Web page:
Adjunct professor David Heise mixes computer science and music to create a new sound.
By Leon Stevenson III
Meet David Heise: Computer science instructor, PhD in electrical and computer engineering and Stevie Wonder connoisseur who plays a mean sax.
Yes, the adjunct professor in Columbia College’s Computer Science department is also very musically inclined. He currently plays in a seven -piece horn band, and he regularly performs with the Norm Ruebling Band at sporting events on the main campus.
In February, Heise premiered a composition that combined both his loves of science and music called “Digifunk” (pronounced Dig-a-funk).
Listen to "Digifunk."
Heise explains, “In my graduate program at the University of Missouri, I took a class called ‘Intro to Digital Synthesis’, and the final project was to write a composition. Now I’ve arranged music before, but never actually composed anything. I ended up making a piece that had some Stevie Wonder and Billy Preston influences, generated completely from digital instruments I created on a program from my computer.”
And while the concert went well, he’s very much an instructor first, and there’s one thing he wants to make sure his students learn in each of his classes. “I aim to bring every student to a complete working understanding. You need to know how things work,” Heise says. “And I have to explain things in a manner where they can draw a mental picture and actively solve problems – and problem solving is an art. As a matter of fact, computer science is the art of problem solving.” He adds, “I give them the tools they need to analyze and solve problems on their own.”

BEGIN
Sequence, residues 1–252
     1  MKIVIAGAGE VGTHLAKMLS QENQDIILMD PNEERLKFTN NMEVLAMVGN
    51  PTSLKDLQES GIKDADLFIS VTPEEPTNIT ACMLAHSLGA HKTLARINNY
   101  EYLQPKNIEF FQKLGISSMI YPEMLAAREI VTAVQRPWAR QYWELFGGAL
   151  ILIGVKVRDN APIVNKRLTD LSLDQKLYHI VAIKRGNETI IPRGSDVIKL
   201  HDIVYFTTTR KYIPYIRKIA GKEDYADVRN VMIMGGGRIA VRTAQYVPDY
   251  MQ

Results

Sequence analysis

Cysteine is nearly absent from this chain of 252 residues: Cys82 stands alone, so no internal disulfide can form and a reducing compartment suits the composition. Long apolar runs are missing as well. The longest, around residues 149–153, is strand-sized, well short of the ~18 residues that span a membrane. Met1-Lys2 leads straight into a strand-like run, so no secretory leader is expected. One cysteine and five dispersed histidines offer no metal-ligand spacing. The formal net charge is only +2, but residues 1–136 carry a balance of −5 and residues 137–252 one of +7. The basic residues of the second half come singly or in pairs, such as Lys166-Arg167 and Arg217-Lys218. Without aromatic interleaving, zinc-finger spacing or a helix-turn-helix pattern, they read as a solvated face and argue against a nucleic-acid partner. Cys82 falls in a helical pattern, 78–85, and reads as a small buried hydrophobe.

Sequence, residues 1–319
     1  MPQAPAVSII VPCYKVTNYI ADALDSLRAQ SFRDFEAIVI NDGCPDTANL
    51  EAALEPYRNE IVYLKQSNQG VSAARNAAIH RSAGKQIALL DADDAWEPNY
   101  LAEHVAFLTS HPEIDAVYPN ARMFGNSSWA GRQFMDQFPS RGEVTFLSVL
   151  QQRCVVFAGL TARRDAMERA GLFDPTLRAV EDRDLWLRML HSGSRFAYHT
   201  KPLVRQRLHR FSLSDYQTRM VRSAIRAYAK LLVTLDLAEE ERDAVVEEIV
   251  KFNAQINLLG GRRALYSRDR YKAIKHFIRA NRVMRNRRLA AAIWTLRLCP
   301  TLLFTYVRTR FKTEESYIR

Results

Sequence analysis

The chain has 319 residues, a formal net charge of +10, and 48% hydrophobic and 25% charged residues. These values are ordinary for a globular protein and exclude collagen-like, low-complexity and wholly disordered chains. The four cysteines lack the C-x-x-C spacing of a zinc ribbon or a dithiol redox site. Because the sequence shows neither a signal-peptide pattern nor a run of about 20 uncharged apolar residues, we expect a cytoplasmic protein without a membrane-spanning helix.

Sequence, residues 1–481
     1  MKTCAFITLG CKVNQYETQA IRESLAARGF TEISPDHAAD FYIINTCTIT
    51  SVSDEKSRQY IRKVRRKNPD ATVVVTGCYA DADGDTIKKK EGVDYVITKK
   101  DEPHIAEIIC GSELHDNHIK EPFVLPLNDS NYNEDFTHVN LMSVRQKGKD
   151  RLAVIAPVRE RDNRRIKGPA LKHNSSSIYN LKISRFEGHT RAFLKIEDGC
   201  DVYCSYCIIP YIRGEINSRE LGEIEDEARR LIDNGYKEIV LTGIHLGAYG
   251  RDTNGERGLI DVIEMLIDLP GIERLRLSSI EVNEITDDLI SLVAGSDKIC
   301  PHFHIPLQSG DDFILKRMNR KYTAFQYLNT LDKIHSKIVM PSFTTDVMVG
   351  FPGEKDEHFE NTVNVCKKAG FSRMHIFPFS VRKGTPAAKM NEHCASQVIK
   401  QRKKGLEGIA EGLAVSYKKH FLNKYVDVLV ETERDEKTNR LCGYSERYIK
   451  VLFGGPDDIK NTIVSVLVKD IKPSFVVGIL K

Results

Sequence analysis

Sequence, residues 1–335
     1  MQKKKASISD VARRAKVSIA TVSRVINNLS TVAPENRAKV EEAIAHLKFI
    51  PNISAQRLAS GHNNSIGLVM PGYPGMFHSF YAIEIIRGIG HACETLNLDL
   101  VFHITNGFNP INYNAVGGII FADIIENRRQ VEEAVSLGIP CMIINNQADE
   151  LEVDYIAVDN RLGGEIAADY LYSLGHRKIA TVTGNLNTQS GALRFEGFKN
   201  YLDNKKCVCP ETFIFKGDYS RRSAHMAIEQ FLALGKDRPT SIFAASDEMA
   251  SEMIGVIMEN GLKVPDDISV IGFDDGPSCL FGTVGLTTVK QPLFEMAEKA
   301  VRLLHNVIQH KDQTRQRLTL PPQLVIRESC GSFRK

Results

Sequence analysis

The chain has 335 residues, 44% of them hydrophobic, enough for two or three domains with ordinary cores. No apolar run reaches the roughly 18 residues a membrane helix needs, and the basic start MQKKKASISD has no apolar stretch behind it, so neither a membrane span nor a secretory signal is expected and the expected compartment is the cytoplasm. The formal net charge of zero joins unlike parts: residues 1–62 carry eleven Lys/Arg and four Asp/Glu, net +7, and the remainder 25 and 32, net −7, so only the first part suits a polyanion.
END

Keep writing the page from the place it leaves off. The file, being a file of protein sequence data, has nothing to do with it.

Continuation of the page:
When asked about whether performing music on a stage or in a band is similar to teaching in front of a classroom, Heise provides a different analogy. “Wow.” He pauses. “I mean they are both collaborative and require teamwork, but if I had to, I’d liken it to being an umpire … An umpire has to be able to handle high-pressure situations, know the rules of the sport inside and out, then have to be able to explain those rules to everyone else. And most of all, you have to expect anything. Teaching is a lot like that, in my opinion.”
Recently, Heise finished his doctorate while combining his interests in computing and music. “My dissertation research is about creating a program that can automate the process of transcribing songs into sheet music. Normally, for a band to play popular music, someone has to painstakingly write instrumental parts by hand, and the process is long and tedious.” He continues, “I’m trying to create software that can take an mp3 or wav file and compile the music for each instrument in the song – really create a ‘hands off approach’ to a time consuming task.”
And since it is finals week for the students and faculty (in Heise’s case, both), he’s has some parting wisdom for the graduating seniors. “For those who have questions and fears about attending grad school, first decide what you want to do,” he says.
So if you come up with a goal for yourself and grad school helps you get there, what then?
“Just keep in mind that each step prepares you for the next. Remember when you were in high school, and you were worried about finishing that? Guess what? You finished! The same way you’ll finish college, and high school prepared you for what you faced in college. And it’s the same way; college prepares you for grad school.”
He finishes, “You never know why you learn things when you learn them… it’s only later that you can appreciate it and apply it.”